NCAA investigations into the actions of member schools have always followed the same path. But in an unprecedented scandal, league President Mark Emmert decided that unprecedented steps need to be taken.
Long-standing NCAA policy dictates the procedure. Credible allegations are received and reviewed. Information is collected. A Notice of Inquiry is transmitted from the VP of Enforcement to the school president. The NCAA staff conducts its investigation and if it finds violations of applicable by-laws, transmits a Notice of Allegations. The school appears before the Committee on Infractions and later hears what penance it must suffer as a result of its transgressions.
In the Penn State case, policy and procedure are gone. In his three-page letter to interim President Rodney Erickson, Emmert sternly warns the school that the league’s bedrock principles of ethical conduct, honesty, dignity are at stake as a result of potential inaction surrounding the Jerry Sandusky child abuse scandal.
The Emmert letter is unprecedented on two different levels. First is the fact that the letter informing Penn State of the pending probe comes from the NCAA president himself. In the modern era of NCAA investigations, never before has the president of the league written such a missive as this. The official communication from the NCAA notifying a member school of a pending investigation has always come from the Vice President for Enforcement, the office currently held by Julie Roe Lach.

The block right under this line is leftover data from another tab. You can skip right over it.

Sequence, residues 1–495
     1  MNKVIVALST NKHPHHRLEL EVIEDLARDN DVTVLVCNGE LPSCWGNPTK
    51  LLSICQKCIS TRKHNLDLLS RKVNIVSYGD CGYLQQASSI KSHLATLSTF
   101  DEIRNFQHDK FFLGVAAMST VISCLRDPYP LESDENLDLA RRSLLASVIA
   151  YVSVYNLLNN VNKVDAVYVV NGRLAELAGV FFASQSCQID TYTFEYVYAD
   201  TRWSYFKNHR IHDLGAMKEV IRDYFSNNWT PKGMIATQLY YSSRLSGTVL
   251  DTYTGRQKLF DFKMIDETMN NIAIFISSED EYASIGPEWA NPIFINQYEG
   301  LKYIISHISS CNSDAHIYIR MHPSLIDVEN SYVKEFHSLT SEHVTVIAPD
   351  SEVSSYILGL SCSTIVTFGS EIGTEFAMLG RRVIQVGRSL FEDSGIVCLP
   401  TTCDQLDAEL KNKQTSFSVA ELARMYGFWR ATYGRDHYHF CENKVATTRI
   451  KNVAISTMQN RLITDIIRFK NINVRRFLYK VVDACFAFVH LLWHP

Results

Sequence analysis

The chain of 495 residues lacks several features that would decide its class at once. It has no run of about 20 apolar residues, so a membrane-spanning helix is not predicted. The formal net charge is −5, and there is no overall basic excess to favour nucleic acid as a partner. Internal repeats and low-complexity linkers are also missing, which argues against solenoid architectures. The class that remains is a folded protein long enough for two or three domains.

Also unprecedented is the fact that the NCAA has publicized the letter and publicly announced that it plans to launch an investigation. Having the letter originate from the office of the President is a big deal. Publicizing the matter is even bigger. The NCAA has vigorously guarded information regarding even the existence of investigations, steadfastly refusing to even acknowledge investigations that everyone knows are in progress.
So why make this one public? Emmert has said in interviews that this matter is not a traditional “enforcement” investigation and that ordinary rules aren’t in play here. He’s said that since the league doesn’t plan to send investigators to campus to interview coaches, officials or players, the policy governing enforcement procedure don’t fit in this case. But Emmert nonetheless cited specific by-laws that may have been violated, and violations of those by-laws in previous cases have brought harsh sanctions at the end of enforcement investigations.
There’s no doubt that the Sandusky scandal at Penn State is the worst, most-sickening stain on college athletics. Nothing even comes close. In an unprecedented case, Emmert is taking unprecedented steps. Some may cynically call it a PR ploy; accusing the league of trying to show that it is out in front of the story. There might be a mote of truth to that, but it’s much more likely that Emmert is finally getting the NCAA to do the right thing in the right way. If that means abandoning policy and breaking precedent, then so be it, says he.
But beware the law of unintended consequences. Abandoning precedent invites charges of arbitrary and capricious action, and provide the only good reason for judicial intervention.